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Published on 30 June 2011

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Merck applies for Rebif extension in Europe

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Merck KGaA announced yesterday that it has submitted an application to the European Medicines Agency (EMA) to extend the indication of Rebif, its leading treatment for multiple sclerosis (MS). The requested label extension is for the use of Rebif in patients who have experienced a single demyelinating event, an early sign of the disease, and who are at high risk of converting to MS.

“Our application to extend the indication of Rebif is based on the REFLEX1 study, which focused on patients with early signs of multiple sclerosis,” said Dr. Bernhard Kirschbaum, Head of Global Research and Development of the Merck Serono division.

“We remain strongly committed to addressing the medical needs of patients with multiple sclerosis at the various stages of this devastating disease.”

Merck Serono’s submission of a type II variation to extend the indication of Rebif is supported by results of the REFLEX study, which were presented at the American Academy of Neurology (AAN) in April 2011. The REFLEX study was designed to evaluate the effect of two different doses of Rebif the currently approved 44 mcg three times a week and 44 mcg once a week – versus placebo, on the “Time to conversion to McDonald MS (2005)” in patients with a first clinical demyelinating event and having magnetic resonance imaging (MRI) brain scans consistent with early signs of MS. The study met its primary endpoint for both doses by demonstrating that Rebif significantly delayed conversion to McDonald MS (2005) in those patients.

The REFLEX study was conducted with the HSA-free3 formulation of Rebif, which is now available in all European Union countries, Australia, Canada and Switzerland, as well as a number of countries in Asia, Latin America, Africa and the Middle East. The HSA-free formulation of Rebif is currently not available in the United States.

The REFLEX study was a two-year (24-month), randomised, double-blind, placebo-controlled, international Phase III trial. It randomised 517 patients considered at risk of developing MS due to a recently experienced isolated demyelinating event (e.g. optic neuritis, myelopathy or brainstem syndrome) and having magnetic resonance imaging (MRI) brain scans consistent with early signs of MS.

Study participants were randomised in a 1:1:1 ratio to receive either Rebif 44 mcg three times a week, Rebif 44 mcg once a week, or placebo as a subcutaneous injection. Patients were treated for a period of two years, or up to the time when they experienced a second attack leading to a diagnosis of clinically definite MS. At this point, patients were offered open-label treatment with Rebif 44 micrograms three times a week. The primary endpoint of the study was “time to conversion to McDonald MS (2005)”. Further endpoints include “time to conversion to clinically definite MS” (the main secondary endpoint), assessments of magnetic resonance imaging (MRI) brain scans and clinical relapses.

About Rebif

Rebif (interferon beta-1a) is a disease-modifying drug used to treat relapsing forms of multiple sclerosis (MS) and is similar to the interferon beta protein produced by the human body. The efficacy of Rebif in chronic progressive MS has not been established. Interferons are thought to help reduce inflammation. The exact mechanism is unknown.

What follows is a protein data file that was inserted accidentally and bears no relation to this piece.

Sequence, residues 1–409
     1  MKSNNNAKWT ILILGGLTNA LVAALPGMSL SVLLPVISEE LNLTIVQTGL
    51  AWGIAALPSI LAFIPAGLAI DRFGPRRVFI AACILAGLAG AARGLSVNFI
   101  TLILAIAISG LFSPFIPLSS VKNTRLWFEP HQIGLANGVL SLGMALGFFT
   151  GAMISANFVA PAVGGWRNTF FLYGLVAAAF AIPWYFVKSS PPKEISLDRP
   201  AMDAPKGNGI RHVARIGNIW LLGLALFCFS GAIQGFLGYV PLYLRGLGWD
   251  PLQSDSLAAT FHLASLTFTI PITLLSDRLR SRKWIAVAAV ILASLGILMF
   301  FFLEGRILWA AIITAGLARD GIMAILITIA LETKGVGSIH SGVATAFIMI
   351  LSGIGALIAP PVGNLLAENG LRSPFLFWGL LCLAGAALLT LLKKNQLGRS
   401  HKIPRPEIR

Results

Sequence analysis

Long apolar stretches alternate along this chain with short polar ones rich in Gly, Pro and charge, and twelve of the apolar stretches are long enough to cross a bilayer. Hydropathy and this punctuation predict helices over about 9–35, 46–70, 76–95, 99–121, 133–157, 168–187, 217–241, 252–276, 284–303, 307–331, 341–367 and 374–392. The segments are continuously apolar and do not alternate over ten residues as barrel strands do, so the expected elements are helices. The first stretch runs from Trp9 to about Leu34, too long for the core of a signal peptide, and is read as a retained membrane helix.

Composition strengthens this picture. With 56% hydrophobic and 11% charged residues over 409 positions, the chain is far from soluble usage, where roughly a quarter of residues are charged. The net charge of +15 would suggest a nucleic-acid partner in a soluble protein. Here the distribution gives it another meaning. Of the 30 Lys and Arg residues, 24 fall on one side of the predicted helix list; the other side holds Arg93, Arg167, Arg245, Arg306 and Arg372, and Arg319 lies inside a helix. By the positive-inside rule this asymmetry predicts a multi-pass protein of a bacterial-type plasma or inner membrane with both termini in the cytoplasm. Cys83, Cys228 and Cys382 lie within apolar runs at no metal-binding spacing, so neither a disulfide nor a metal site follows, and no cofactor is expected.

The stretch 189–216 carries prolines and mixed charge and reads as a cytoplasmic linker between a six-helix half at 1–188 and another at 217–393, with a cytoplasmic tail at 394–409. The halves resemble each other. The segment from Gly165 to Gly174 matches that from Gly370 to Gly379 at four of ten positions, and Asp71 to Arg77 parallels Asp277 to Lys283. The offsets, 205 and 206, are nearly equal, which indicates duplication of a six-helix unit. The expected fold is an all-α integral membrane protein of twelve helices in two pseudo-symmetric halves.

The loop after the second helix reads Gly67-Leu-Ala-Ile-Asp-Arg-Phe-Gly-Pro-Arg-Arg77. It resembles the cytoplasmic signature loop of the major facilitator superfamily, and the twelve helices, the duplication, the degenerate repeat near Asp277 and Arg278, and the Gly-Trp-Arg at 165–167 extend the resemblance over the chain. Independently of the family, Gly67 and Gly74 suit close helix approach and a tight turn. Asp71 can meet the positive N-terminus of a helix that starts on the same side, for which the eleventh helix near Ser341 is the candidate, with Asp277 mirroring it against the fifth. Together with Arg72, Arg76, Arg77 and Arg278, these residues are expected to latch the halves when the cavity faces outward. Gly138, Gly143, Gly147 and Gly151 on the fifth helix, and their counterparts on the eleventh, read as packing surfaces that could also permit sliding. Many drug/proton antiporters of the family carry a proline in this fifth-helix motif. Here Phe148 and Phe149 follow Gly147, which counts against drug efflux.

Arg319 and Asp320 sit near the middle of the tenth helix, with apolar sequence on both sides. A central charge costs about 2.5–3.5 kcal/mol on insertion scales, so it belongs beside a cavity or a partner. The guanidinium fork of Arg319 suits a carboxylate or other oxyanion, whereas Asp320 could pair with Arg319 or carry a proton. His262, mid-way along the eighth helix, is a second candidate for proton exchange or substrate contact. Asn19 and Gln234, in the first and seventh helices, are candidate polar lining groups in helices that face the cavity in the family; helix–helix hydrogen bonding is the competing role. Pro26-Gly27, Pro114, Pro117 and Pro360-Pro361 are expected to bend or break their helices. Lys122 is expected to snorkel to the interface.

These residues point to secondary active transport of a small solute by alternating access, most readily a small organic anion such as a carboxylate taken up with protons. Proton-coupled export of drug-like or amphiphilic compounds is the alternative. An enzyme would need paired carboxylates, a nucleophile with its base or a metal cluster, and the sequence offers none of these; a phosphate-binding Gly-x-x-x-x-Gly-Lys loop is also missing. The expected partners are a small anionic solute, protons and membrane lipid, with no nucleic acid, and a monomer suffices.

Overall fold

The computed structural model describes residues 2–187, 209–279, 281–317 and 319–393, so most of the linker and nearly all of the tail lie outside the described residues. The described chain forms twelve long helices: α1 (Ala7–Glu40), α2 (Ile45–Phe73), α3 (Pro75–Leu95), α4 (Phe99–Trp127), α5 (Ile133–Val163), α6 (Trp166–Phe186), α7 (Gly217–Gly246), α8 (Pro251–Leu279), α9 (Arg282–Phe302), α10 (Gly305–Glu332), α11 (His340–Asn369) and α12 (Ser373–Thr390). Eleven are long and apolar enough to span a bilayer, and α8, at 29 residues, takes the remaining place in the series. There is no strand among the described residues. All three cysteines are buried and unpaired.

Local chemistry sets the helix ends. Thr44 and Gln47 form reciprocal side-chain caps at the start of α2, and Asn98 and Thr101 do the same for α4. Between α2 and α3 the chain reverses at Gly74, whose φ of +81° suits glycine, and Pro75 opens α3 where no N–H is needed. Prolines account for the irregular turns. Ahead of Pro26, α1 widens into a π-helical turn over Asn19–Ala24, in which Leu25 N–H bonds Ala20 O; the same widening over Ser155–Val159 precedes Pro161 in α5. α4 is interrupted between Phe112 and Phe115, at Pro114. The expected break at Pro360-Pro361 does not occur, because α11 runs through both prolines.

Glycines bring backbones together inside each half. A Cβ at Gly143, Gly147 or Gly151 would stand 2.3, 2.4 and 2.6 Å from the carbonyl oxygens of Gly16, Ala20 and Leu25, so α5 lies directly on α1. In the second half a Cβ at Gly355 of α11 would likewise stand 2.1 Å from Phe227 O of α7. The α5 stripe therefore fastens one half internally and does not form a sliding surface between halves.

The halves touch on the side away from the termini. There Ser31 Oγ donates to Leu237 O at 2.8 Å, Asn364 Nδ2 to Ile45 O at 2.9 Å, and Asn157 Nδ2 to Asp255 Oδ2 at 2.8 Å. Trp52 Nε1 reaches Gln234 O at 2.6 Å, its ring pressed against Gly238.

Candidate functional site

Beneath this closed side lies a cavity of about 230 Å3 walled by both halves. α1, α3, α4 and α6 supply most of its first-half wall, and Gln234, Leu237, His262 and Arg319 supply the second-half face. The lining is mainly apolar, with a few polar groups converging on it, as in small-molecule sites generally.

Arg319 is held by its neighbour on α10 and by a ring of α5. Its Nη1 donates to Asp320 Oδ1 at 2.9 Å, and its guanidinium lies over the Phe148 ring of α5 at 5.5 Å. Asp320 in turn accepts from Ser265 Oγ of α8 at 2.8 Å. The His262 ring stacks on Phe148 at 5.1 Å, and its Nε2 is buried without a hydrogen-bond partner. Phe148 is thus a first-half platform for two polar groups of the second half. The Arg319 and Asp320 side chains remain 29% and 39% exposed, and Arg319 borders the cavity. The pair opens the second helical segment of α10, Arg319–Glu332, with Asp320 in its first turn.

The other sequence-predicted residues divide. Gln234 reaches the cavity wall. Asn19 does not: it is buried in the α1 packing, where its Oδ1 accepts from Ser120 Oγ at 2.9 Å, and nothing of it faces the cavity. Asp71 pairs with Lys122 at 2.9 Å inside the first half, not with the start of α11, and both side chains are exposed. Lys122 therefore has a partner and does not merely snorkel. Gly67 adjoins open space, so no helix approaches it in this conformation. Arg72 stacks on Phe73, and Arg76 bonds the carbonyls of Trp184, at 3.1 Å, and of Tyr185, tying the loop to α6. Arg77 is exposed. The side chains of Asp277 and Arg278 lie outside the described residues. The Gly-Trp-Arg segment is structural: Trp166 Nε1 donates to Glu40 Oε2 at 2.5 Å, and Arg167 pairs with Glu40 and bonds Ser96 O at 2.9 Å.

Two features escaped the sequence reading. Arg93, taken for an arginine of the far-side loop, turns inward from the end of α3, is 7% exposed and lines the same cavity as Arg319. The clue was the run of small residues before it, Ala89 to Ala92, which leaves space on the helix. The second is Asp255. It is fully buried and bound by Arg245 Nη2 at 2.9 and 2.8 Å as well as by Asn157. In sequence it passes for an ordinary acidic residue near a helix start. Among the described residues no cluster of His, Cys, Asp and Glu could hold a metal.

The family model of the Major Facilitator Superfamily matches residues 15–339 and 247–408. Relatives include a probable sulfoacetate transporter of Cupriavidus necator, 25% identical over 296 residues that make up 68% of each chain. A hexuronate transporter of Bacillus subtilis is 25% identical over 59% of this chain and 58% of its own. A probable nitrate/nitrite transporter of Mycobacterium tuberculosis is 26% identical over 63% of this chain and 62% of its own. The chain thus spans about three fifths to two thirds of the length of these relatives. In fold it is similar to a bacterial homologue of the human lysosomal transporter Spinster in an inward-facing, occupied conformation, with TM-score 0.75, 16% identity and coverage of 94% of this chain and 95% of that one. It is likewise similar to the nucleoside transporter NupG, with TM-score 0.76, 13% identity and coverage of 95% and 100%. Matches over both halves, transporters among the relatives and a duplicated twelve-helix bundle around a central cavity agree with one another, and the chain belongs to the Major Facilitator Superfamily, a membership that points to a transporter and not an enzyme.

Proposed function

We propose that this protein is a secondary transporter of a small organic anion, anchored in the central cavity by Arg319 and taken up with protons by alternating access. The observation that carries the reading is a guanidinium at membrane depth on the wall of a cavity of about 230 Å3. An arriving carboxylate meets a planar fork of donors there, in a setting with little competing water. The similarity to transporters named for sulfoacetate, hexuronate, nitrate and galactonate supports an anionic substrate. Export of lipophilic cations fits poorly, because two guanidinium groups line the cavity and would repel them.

Rebif, which was approved in Europe in 1998 and in the US in 2002, is registered in more than 90 countries worldwide. Rebif has been proven to delay the progression of disability, reduce the frequency of relapses and reduce MRI lesion activity and area*. Rebif is available in a 22 micrograms and 44 micrograms ready-to-use pre-filled syringe and a titration pack (8.8 micrograms). Rebif is also now available in two multidose cartridges [132 micrograms (three doses of 44 micrograms) and 66 micrograms (three doses of 22 micrograms)] for the use with the RebiSmart device, in several EU member countries, Switzerland and Canada, as well as in Australia.

Rebif should be used with caution in patients with a history of depression, liver disease and seizures. Most commonly reported side effects are flu-like symptoms, injection site disorders, elevation of liver enzymes and blood cell abnormalities. Patients, especially those with depression, seizure disorders, or liver problems, should discuss treatment with Rebif with their doctors.

* The exact correlation between MRI findings and the current or future clinical status of patients, including disability progression, is unknown.

About multiple sclerosis

Multiple sclerosis (MS) is a chronic, inflammatory condition of the central nervous system and is the most common, non-traumatic, disabling neurological disease in young adults. It is estimated that approximately two million people have MS worldwide. While symptoms can vary, the most common symptoms of MS include blurred vision, numbness or tingling in the limbs and problems with strength and coordination. The relapsing forms of MS are the most common.

Merck is a global pharmaceutical and chemical company with total revenues of € 9.3 billion in 2010, a history that began in 1668, and a future shaped by more than 40,000 employees in 67 countries. Its success is characterized by innovations from entrepreneurial employees. Merck’s operating activities come under the umbrella of Merck KGaA, in which the Merck family holds an approximately 70% interest and free shareholders own the remaining approximately 30%. In 1917 the U.S. subsidiary Merck & Co. was expropriated and has been an independent company ever since.



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